Writer and director Asghar Farhadi had a couple award winning films to his name prior to 2011, but nothing of the notoriety that came with the release of his critically lauded examination of marital disintegration, A Separation. With his newest, he managed to rake in top prizes worldwide, from the Berlin Golden Bear to the Best Foreign Picture prize at this year’s Oscars. What makes the film so widely regarded is within this seemingly simple Iranian drama something like a facile murder mystery begins to unfold, and a surprisingly expansive moral complexity is slowly unveiled. Like a cinematic illusion, the key to Farhadi’s finely composed puzzle is in what he holds back from the audience, but to his credit, he doesn’t just rely on the payoff for narrative satisfaction.
Beginning with a confrontational office divorce, Simin (Leila Hatami) wants to leave the country on a soon to expire visa, but her husband Nader (Peyman Moadi) feels it’s his responsibility to care for his Alzheimer’s ridden father (Ali-Asghar Shahbazi) until the end. Simin wants their daughter, Termeh (Sarina Farhadi, Asghar’s own daughter), to have a life of fresh opportunities, but the intelligent young girl herself just wants her parents to stay together. When Simin chooses to leave Nader to stay at her parent’s house to test the familiar response, he is forced to find a house keeper to take care of his father while he and his daughter fulfill their responsibilities to work and school during the day. What none of them expected was for the newly hired caretaker, Razieh (Sareh Bayat), to have a clandestine pregnancy which would soon be lost after being forcefully removed from the house for placing Nader’s father in bondage while leaving the house to run personal errands and potentially stealing cash.
After this tragic event, Nader is held responsible and taken into custody for murder, to which he fully contests. As the investigation poses questions regarding the events that actually occurred in Nader’s home, everyone swears authenticity, but truthfulness and personal allegiances are called into question, and moral virtues are twisted in the name of what is right and just. Outside the investigation, Termeh becomes a tortured adolescent, enduring public embarrassment for her father’s supposed crimes while being forced to commit to one parent or the other. No child deserves to bear the weight of their parents’ divorce, say nothing of contemplating whether or not their parent is responsible for causing a miscarriage. At the base of these conundrums, the idea of judgment remains the backbone, and to what we choose to set our grounds of judgment upon. Farhadi has distanced himself, placing us upon the judge’s stand, and it is up to us to decide who is right and wrong.
Through all of the dense decision making and subdued visual austerity, A Separation feels quite brisk, even with its two hour running time. Paced with intelligently layered plotting, Farhadi’s hand has woven an intricate drama of personal intimacy and deep thematic depth that deserves all the attention it’s received in the last year. He knows the devil is in the details, and by doling them out in calculated measure he has crafted one of the best films of last year.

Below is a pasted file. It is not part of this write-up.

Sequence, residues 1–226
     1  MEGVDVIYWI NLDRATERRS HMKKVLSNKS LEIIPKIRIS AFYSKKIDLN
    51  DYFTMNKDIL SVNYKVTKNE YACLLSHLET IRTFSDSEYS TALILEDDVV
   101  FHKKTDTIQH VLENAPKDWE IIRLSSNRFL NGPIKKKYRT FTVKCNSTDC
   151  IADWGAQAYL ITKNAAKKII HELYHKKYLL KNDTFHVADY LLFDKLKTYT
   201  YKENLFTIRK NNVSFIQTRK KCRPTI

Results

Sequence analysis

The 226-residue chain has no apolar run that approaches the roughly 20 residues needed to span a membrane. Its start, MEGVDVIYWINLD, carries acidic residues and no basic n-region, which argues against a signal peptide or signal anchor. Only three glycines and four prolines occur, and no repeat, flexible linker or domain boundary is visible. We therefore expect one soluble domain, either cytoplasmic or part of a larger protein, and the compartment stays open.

Complimenting this outstanding film, Sony has put together a nice looking Blu-ray with a healthy serving of complimentary supplements. Lens by celebrated Iranian cinematographer Mahmoud Kalari, the film has a very naturalistic, almost documentary feel, and the transfer brings it to life with beautiful lived in clarity. The mostly grey color palette is shown with great detail and accurate depiction. Offering the film’s original HD-DTS 3.0 audio track, dialogue and ambiance sound fine. There is no music or any real action, so there is nothing to push the track to excitement. The disc itself is packaged in a standard Blu-ray case.
Audio Commentary with Writer/Director Asghar Farhadi
Though explicitly states he doesn’t want to comment on the film for fear of disabling the audience from making their own opinions, Farhadi does indeed disclose many thoughts on intended thematics and symbolic shot composition. Though there are lulls in conversation, he does give a wealth of knowledge about many production decisions and on set moments with the crew.
An Evening with Asghar Farhadi
This half hour Q&A with moderator Andrea Grossman sees Farhadi fielding questions about the personal origins of the film, how be balanced his judgment of his characters, what it was like to direct his daughter, and much more. It is an excellent, enlightening discussion.
Birth of a Director
About eight minutes, this is a brief discussion with the director about how he got into making films, and how his style has changed over the course of his career. There are brief shots from his previous films included.
With just enough plot and plenty of press quotes to draw you in, this is a very well made trailer that surely got people talking about the film prior to its release.
Rarely are family dramas as thematically or structurally complex as A Separation. Pair that with the fact that it is very well acted and intelligently photographed, and you have an extraordinary film that managed to make it into the right hands, pushing it to deservedly international acclaim. If Asghar Farhadi wasn’t on your radar previously, he is definitely now a filmmaker to watch. Recommending Sony’s Blu-ray release is a no-brainer, but be assured, this incredible film will leave you thinking.
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